September 01, 2017

Book Review: The Mask Carvers Son by Alyson Richman

Author:         Alyson Richman  
Publisher:     Penguin Group, New York. USA 2000.
                             ISBN:       978-0-425-26726-4 
                           Pages:       363

The art of Noh from the carver’s perspective

© Copyright., 2015.  All rights reserved.

Alyson Richman shares a wonderful story of a boy adopted into a family of Noh mask carvers who picks up the trade handed down by generations of the same family.

The story is based in Daigo a town three hours from Kyoto we learn about daily family life, nature, house routines (folding up futons and buck wheat pillows) and the role of each family member.

From the perspective of culture we gain first hand insights into Noh, its history, the components of a performance and the different kind of masks for each performer. The carvers life provides a view into the world of wood and tools, how to pick wood, what types of wood is used and how to carve a mask using a range of tools.

The traditions of naming a baby after birth and the Shinto ceremony involved and the impact of Buddhist traditions on daily life to always remember and honour the dead.

An interesting story that weaves between the characters, culture, life in Kyoto, strong traditions and the secret passions of a young boy.

Book Review The Mask Carvers Son by Alyson Richman 

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August 01, 2017

Book Review: Kill the Shogun By Dale Furutani

Author:        Dale Furutani  
Publisher:    Harper Collins, New York.USA.2000.
                        ISBN:          0-688-15819-6       
                      Pages:          230

Daily life in Edo (Tokyo) in 1603

© Copyright., 2015.  All rights reserved.

Dale Furutani writes about Edo (modern day Tokyo) in 1603 when the Shogun Ieyasu Tokugawa ruled and was building Edo castle.

A historical samurai story about a ronin (a master less samurai) Kaze Matsuyama who lost his lord in the great battle of Sekigahara a major turning point in Japanese history.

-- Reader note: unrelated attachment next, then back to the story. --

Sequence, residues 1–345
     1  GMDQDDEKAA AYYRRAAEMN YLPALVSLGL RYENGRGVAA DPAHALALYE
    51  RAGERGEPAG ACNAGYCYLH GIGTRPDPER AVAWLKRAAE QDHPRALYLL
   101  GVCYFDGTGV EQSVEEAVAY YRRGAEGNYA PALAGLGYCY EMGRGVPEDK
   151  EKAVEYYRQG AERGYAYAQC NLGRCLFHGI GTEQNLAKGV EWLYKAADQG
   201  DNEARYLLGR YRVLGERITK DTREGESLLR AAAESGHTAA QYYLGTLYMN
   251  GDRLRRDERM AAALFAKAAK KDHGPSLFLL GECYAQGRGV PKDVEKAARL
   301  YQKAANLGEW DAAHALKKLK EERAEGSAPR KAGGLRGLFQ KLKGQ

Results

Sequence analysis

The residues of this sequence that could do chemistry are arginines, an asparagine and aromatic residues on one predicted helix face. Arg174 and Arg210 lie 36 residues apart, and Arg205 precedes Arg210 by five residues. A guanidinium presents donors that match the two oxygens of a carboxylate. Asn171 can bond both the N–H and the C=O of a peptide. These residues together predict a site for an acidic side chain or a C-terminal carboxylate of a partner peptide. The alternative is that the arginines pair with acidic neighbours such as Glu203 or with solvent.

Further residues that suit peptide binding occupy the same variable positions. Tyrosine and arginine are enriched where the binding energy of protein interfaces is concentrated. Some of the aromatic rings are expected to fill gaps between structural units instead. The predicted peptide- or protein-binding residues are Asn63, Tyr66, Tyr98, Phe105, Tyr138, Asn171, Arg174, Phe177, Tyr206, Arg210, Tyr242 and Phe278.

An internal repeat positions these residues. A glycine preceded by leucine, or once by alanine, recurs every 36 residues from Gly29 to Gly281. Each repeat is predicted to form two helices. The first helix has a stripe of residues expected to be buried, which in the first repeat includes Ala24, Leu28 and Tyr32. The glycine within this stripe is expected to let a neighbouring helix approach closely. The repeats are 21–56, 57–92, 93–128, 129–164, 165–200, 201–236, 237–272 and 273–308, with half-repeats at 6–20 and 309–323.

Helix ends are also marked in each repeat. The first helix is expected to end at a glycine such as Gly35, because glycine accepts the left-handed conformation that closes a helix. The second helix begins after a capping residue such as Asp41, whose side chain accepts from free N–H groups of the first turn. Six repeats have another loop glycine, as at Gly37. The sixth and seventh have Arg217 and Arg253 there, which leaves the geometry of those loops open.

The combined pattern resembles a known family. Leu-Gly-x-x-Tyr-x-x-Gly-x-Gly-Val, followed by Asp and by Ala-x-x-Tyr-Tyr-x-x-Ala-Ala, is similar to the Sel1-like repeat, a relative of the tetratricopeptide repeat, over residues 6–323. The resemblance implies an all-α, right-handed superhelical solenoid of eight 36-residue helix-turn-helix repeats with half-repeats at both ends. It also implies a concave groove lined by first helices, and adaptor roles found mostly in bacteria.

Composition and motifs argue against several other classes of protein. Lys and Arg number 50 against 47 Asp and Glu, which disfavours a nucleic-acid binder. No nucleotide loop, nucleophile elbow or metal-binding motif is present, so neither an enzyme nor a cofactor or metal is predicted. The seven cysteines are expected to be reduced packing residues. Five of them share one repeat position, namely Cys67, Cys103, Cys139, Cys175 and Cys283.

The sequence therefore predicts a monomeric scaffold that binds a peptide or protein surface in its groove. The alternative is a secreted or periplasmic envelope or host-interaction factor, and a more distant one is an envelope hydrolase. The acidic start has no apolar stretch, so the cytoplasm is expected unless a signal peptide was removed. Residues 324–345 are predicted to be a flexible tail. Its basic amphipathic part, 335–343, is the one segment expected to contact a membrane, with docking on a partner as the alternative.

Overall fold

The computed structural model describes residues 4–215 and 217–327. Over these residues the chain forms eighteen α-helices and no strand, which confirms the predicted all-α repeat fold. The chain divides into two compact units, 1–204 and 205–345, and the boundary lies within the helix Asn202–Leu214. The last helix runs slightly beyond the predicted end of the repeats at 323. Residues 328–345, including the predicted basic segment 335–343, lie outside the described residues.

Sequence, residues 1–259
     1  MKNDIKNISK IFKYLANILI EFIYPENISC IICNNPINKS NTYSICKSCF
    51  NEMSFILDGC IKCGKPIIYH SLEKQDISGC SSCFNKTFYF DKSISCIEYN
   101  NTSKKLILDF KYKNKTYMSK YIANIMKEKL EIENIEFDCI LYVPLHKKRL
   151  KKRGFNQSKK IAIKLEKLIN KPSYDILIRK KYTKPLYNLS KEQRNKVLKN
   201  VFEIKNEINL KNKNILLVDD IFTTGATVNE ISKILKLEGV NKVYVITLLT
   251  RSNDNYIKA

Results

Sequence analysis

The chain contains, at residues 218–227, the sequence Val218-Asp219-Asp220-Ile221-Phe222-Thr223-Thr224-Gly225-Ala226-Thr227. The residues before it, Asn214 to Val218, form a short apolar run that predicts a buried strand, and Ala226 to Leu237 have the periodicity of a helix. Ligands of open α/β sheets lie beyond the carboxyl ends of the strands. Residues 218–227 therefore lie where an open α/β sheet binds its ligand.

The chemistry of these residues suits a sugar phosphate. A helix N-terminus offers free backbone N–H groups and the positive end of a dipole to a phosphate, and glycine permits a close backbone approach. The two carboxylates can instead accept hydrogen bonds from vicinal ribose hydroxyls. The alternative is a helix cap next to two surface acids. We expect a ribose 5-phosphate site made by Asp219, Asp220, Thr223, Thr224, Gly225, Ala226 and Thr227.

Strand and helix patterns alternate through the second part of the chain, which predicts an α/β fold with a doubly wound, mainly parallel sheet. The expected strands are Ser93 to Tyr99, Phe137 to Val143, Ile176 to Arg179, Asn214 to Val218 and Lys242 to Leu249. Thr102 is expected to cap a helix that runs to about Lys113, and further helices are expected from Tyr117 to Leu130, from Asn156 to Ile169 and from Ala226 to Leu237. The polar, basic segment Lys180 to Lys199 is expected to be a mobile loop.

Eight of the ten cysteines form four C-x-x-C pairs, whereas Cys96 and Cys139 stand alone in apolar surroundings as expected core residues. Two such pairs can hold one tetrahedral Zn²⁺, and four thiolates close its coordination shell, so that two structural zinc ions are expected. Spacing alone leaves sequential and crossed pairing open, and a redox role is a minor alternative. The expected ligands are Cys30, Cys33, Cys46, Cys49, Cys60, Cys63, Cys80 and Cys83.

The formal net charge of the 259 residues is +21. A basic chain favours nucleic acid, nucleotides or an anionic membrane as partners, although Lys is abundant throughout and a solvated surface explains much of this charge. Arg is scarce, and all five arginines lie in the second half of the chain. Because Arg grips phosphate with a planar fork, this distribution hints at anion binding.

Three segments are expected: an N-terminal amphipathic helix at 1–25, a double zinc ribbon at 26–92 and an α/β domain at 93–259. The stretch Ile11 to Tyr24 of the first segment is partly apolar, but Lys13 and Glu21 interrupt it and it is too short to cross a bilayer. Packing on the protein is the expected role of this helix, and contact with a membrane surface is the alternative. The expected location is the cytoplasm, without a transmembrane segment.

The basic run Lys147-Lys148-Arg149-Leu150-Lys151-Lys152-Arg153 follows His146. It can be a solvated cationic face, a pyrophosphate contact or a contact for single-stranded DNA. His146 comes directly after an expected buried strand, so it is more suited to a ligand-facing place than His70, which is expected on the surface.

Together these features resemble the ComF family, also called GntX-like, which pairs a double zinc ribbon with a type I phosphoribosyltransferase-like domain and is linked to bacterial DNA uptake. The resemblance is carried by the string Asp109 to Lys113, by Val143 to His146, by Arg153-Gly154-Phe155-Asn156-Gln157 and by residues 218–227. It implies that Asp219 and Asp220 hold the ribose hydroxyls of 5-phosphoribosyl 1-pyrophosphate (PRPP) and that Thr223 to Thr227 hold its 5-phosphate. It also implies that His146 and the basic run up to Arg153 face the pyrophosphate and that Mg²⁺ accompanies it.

We find him seeking to avenge his lord and lords wifes death and to find and take care of their young daughter who has been taken away by strangers.

Action and waiting were a natural balance, like breathing in and breathing out p201

The story takes us along the dusty streets, wooden houses, theatres and gambling dens of the sprawling Edo where we gain insights into politics, daily life, military rule. He particularly draws us to the many special things that made Edo great, for example: street vendors, entertainers, bath houses and the people.

A very insightful look into an important historical period with an entertaining view of the people, lifestyle, relationships and loyalties.

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July 01, 2017

Book Review: After the quake by Haruki Murakami

Author:                  Haruki Murakami
Translated by:       Jay Rubin  
Publisher:              The Harvill Press, UK. 2002
                ISBN:                     1860469671 
                Pages:                   132

Six short stories linked to the Kobe Earthquake

© Copyright., 2015.  All rights reserved.

A collection of fictional short stories
that are fun, light, personal, warm and engaging that share a wide range of views from Japanese society including love, relationships, pain, superstition, anxiety, & loneliness.

We get to indulge with six unique stories that take you away from the everyday and allow you to engage with the characters, places and settings of each story.

All the stories are linked to the tragedy of the Kobe earthquake.

                          Book Review

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